USS Ohio makes visit to South Korea
By Erik Slavin, Stars and Stripes
BUSAN, South Korea — The revamped USS Ohio introduced itself to South Korea on Tuesday, marking the first time a nuclear-powered submarine has docked alongside the nation’s shores.
Both U.S. and South Korean special forces will use the submarine during the Key Resolve/Foal Eagle exercise happening throughout March in South Korea, said 7th Fleet commander Vice Adm. Doug Crowder.
The Ohio now has more conventional weapons than any other submarine in the world, Capt. Andy Hale told a large contingent of mostly South Korean media at Busan’s naval port.
However, it didn’t begin its life that way. The Ohio carried Trident ballistic nuclear missiles until just a few years ago, when it launched in 2006 with its current array of Tomahawk missiles.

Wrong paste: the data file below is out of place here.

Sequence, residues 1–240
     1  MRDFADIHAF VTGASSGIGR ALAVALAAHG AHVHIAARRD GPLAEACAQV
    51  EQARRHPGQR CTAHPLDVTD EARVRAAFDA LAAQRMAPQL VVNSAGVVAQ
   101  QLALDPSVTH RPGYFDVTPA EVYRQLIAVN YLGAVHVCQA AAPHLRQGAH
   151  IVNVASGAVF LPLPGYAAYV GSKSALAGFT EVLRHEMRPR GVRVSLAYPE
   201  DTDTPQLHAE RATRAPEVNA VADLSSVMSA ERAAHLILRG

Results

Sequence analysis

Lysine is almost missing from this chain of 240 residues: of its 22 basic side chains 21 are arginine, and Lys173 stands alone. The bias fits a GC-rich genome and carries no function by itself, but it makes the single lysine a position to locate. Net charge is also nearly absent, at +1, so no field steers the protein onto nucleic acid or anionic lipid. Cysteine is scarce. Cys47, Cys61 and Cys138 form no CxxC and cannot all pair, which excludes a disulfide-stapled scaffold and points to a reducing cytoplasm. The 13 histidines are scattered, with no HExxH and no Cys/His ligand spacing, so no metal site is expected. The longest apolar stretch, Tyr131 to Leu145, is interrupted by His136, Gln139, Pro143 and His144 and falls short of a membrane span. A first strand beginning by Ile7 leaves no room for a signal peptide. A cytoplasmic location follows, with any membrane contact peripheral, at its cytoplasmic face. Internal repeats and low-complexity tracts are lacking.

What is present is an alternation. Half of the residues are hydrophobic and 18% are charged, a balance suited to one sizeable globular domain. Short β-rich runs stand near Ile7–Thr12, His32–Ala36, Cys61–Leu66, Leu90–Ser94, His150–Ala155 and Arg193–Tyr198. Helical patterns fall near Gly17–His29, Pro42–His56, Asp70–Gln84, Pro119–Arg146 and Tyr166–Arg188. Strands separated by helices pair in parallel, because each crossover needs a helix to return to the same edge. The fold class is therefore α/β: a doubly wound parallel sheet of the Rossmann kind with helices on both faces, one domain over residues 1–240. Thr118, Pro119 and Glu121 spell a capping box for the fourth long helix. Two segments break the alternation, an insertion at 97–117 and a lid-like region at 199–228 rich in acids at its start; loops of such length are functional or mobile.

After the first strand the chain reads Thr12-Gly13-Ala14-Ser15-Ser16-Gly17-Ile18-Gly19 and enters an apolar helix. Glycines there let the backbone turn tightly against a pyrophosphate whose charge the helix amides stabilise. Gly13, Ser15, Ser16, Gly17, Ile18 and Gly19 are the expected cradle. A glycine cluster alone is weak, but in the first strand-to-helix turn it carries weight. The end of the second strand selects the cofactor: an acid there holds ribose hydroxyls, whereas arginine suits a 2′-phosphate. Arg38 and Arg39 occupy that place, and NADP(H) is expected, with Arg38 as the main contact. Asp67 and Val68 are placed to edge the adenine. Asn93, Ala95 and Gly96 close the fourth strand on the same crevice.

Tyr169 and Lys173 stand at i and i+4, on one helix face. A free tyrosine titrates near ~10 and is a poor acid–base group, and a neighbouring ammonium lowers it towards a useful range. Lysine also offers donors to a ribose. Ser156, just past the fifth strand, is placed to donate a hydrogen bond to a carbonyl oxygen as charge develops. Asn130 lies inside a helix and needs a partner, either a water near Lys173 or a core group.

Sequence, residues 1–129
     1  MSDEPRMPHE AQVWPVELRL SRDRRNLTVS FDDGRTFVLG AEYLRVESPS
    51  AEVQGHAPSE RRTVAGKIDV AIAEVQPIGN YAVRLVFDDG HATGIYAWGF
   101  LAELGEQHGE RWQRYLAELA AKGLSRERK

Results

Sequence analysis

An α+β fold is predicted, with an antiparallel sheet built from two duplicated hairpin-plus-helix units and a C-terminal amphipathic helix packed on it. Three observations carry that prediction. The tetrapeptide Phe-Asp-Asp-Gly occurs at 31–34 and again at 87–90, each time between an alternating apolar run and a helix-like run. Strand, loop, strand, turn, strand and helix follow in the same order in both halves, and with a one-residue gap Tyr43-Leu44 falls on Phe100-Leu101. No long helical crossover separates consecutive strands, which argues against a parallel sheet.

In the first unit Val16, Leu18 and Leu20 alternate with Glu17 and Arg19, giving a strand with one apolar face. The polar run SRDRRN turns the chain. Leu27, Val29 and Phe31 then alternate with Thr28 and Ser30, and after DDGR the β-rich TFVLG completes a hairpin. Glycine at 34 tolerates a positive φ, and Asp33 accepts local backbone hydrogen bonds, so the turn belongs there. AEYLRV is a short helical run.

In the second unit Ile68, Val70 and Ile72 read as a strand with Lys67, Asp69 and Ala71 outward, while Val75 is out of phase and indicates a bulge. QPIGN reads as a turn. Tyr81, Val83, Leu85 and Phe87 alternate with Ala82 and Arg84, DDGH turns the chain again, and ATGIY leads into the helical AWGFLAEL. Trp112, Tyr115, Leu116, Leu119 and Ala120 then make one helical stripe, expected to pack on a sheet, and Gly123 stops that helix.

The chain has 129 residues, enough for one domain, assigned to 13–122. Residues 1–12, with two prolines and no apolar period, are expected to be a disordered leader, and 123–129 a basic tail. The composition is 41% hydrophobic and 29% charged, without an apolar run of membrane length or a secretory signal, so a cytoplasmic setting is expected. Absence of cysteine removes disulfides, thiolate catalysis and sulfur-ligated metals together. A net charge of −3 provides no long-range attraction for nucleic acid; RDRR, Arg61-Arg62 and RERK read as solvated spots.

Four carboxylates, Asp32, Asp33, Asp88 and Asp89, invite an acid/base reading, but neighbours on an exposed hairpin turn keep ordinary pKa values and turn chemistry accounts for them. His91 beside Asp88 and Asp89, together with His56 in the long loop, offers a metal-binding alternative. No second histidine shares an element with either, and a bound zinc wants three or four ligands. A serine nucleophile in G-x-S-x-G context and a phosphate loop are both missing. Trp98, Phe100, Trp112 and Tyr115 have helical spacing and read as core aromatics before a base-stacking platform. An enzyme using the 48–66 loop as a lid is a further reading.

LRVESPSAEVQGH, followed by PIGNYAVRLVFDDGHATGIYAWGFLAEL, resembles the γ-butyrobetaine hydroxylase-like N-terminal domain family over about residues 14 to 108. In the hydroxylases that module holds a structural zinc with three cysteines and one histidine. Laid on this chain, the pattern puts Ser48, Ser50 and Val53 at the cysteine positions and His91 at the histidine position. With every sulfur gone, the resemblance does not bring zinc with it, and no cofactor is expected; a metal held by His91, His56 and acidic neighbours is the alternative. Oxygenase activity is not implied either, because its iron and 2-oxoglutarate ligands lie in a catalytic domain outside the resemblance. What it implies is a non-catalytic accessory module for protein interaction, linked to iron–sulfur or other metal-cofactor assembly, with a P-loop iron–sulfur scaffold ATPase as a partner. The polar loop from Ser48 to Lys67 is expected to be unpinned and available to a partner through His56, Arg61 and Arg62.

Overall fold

The Ohio also can launch special operations vehicles directed by Navy SEAL teams.
“The Navy had the foresight to anticipate the shift from the Cold War to regional conflicts,” Hale said.
Tuesday’s visit was the Ohio’s first foreign port visit in its current incarnation. Last fall, Ohio left its port in Bangor, Wash., for a yearlong tour of the Western Pacific.
The Ohio carries 160 crew members when not housing special operations teams, officials said.
Because of its Trident-class design, the Ohio is about 200 feet longer than other attack submarines — it takes 17 laps around the ship to make a mile, Hale said. The sub’s fancy new upgrades include saying goodbye to paper charts — it’s all digital now, said Command Master Chief Mitch Erhardt.
Fire control, sonar, communications and imaging systems are also new, officials said.
“The ship was actually training the crew to operate the new systems for well after a year after the ship was converted,” Hale said.
But while the insides are among the most modern in the world, the hull is still creeping up on its 28th birthday.
“It’s had an extreme makeover,” Hale said.
Photos: Erik Slavin / S&S
Stars & Stripes (Posted 3/2//08)